Virginia Eisenstein

Obituary of Virginia B. Eisenstein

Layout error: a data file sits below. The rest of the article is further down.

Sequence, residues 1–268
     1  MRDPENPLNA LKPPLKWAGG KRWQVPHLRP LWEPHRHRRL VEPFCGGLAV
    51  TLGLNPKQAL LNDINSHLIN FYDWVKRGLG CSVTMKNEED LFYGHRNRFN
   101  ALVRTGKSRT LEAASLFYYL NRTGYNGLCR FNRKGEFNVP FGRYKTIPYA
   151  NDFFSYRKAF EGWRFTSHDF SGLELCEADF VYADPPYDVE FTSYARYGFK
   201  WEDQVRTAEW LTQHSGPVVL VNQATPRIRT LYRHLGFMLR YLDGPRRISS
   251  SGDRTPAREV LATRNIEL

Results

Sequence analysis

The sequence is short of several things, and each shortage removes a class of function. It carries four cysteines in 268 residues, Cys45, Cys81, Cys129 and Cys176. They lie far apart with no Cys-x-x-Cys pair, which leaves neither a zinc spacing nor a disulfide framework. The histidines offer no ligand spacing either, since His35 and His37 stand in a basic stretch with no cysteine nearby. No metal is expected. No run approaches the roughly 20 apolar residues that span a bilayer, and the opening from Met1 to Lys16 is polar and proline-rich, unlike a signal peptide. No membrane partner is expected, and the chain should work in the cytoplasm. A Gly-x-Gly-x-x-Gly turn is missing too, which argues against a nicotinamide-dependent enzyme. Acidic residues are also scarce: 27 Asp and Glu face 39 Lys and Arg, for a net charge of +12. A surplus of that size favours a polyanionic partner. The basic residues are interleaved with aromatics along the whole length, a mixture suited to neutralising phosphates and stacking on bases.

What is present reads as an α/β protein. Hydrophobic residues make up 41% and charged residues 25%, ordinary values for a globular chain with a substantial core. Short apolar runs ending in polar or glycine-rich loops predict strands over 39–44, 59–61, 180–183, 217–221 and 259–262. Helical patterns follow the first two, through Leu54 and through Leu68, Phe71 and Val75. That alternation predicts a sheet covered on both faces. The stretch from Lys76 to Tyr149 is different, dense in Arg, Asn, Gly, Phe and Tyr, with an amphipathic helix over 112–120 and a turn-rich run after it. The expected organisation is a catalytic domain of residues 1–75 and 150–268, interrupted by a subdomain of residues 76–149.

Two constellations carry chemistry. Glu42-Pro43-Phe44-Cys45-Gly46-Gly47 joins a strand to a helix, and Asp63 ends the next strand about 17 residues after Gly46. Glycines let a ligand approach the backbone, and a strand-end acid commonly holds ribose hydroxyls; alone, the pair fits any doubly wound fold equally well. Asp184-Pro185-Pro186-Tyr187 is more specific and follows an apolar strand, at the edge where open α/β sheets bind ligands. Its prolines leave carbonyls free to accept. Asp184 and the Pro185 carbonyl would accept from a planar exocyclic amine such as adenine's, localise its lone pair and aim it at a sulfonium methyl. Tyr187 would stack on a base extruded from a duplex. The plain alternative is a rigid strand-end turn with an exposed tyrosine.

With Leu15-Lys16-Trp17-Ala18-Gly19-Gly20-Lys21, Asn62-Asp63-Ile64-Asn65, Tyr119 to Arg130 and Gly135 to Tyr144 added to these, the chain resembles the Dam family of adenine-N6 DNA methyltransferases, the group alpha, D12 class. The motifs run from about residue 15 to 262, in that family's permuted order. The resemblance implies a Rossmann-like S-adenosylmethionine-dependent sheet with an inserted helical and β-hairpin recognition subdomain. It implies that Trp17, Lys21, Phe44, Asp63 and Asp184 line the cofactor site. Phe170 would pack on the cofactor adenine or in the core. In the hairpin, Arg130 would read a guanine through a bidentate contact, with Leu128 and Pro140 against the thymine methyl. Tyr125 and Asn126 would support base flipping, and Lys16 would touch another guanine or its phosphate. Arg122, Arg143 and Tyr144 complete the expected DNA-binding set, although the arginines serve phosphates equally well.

Virginia B. Eisenstein, (78), of Boalsburg, PA, died peacefully at home from complications of pancreatic cancer on August 6th, 2020. She was the daughter of Robert D Woodcock, Jr. and Beatrice B. Woodcock, and grew up in Rockville Centre, New York. Ginny, as she liked to be called, was a talented and brilliant person with many accomplishments. But in reflecting on her life, nothing stands out like her immense love for her family. She is survived by her husband, James, children Charles of West Kingston, Rhode Island, his wife Stella, Marguerite Taylor of Columbia, Maryland, her husband Brian, and John of Port Royal, Pennsylvania, two former daughters-in-law, Dana Eisenstein and Patsy Kuo Eisenstein and eight grandchildren. (James Sol Eisenstein, Matthew Eisenstein, Simon Eisenstein, Laura Eileen Taylor, Robert Taylor, Evelyn Eisenstein, Philip Eisenstein, and Charles Andreas Eisenstein. She was always thinking of others, sending birthday presents to everyone, even up until a couple of weeks before passing, planning our meals so we would have leftovers to take to family members at the farm for lunch. She played a significant role in the lives of all of her grandchildren. Her boundless love was the guiding force in her life. She met her husband Jim when she was 17 years old at the beginning of her freshman year. They married in 1963, and would have been married 57 years on September 6. She was preceded in death by her brother, Robert Dudley Woodcock III of Connecticut, and a grandson, William Nathan Eisenstein. She graduated from Oberlin College with honors in 1963, and Yale Law School in 1967, where she was one of only seven women in a class of 160. While in law school, she was a member of the Yale Law Journal (top 10% of class), and was the first woman elected to the Book and Gavel society. She was hired as a summer associate by the New York law firm of Paul, Weiss, Rifkind, Wharton, and Garrison. She practiced law briefly in Ann Arbor, Michigan, where she became the Vice-chairman for Organization of the Ann Arbor city Democratic party and ran the campaign of state representative (and later state senator) Perry Bullard. But she stopped practicing to devote herself to her young children, joking that she decided she would rather dip diapers than practice law. She moved with her husband and children to State College in late 1972, and was admitted to the bar of the Supreme Court of Pennsylvania and all Pennsylvania courts in 1975. She was the second woman ever admitted to the Centre County Bar Association. In 1979, she formed the partnership of Eisenstein & Bower with Jeffrey M. Bower, Esq. She was appointed solicitor for the Centre County Airport Authority, represented the Centre Daily Times and Daily Collegian for many years, was the attorney for the American Philatelic Society, and had a general civil law practice representing divorce clients, restaurants, other small businesses, and individual clients. She also taught health law in the Penn State College of Health Planning and Administration as an adjunct professor for a semester, media law in the College of Communications, and constitutional law in the Department of Political Science. Publications included "Regulation from the Viewpoint of a Small Sign Company", Proceedings of the Urban Signage Forum, 1976. In the 1970s, she served on the Centre County MH/MR Board and the local advisory board to the Pennsylvania Human Relations Commission, and was elected to the Democratic State Committee from Centre County in 1976. She was elected to the Centre Community Hospital Board of Trustees and served as its President from 1985-1989. She was elected President of the State College Chamber of Commerce, during which time the Chamber merged with the industrial community to form the CBICC. She was President of the Centre County Bar Association from 1992-1994. She also served as President of Altrusa International of Centre County, 1995-1997, the parliamentarian for District Two of Altrusa International, and President of the Centre Chamber Orchestra Board. She was presented the Amadeus award by the Pennsylvania Centre Orchestra. She served on the Board of the Renaissance Scholarship Fund and as its Treasurer, and on the Board of the Central Pennsylvania Festival of the Arts. She retired from the practice of law in 2013 and helped at her son John's organic vegetable farm including selling at the farmers' markets. She was an accomplished pianist and musician, having begun piano lessons at age 4, studied with Elsie Sikkerbol at the Oberlin Conservatory, had perfect pitch and could improvise at will. She enjoyed playing music (especially with her grandchildren) and reading history. She read extensively about early human evolution, pandemic disease, early Christianity, the Irish famine, and many other topics. Burial will be in Spring Creek Presbyterian cemetery at the convenience of the family. A memorial service will be held at a later date at the Friends Meeting House. In lieu of flowers, memorial contributions may be made to the Pennsylvania Chamber Orchestra, 119 S Fraser St # D, State College, PA 16801. Arrangements are by Koch Funeral Home.
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